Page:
It would take a breathtaking crash of 900 points in the Dow Jones industrial average to activate new stock market circuit breakers.
Federal regulators in April approved steeper limits to the point drops that halt trading. The new rules impose 10 percent, 20 percent, and 30 percent limits, and are recalculated quarterly.
A 900 point drop before 2 p.m. would stop trading for an hour, and the halt would last 30 minutes if the drop occurred between 2 p.m. and 2:30 p.m. There would be no halt if the 10-percent drop occurred in the last 90 minutes of trading.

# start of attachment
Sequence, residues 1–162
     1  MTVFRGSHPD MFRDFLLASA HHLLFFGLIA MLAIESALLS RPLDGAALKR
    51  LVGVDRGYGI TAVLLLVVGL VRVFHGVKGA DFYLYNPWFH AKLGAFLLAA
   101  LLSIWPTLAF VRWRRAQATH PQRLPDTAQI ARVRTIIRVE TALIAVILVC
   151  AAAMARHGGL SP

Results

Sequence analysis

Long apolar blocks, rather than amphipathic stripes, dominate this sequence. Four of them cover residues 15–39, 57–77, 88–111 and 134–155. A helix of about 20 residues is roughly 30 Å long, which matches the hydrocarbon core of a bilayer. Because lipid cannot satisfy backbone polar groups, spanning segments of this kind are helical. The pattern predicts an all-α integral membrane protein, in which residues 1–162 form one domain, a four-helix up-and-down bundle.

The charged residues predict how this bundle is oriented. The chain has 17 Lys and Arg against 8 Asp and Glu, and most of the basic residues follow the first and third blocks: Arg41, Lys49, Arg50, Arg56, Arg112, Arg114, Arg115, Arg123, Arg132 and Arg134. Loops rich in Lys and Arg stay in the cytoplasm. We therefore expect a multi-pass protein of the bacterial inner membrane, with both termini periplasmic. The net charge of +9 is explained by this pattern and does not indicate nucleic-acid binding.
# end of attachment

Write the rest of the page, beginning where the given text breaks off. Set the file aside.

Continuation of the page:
The NYSE would halt trading for an hour if the index lost 1,750 points (about 20 percent) before 2 p.m. Trading would be halted for the rest of the day if the Dow lost 1,750 points during the last two hours of trading.
A 2,650-point loss at any time would halt trading for the remainder of the day.
Long-standing limits on computer-run program trading kick in when the market swings 50 points in either direction.
Previous rules suspended trading for a half-hour if the Dow dropped 350 points and for one hour if the index fell 550 points.
The market would close for the day if the 350 level was reached at 3:30 p.m. or if the 550 level was hit at 3 p.m. under the old rules. That last occurred Oct. 27, 1997, when the Dow fell 554.25 points, about 7 percent.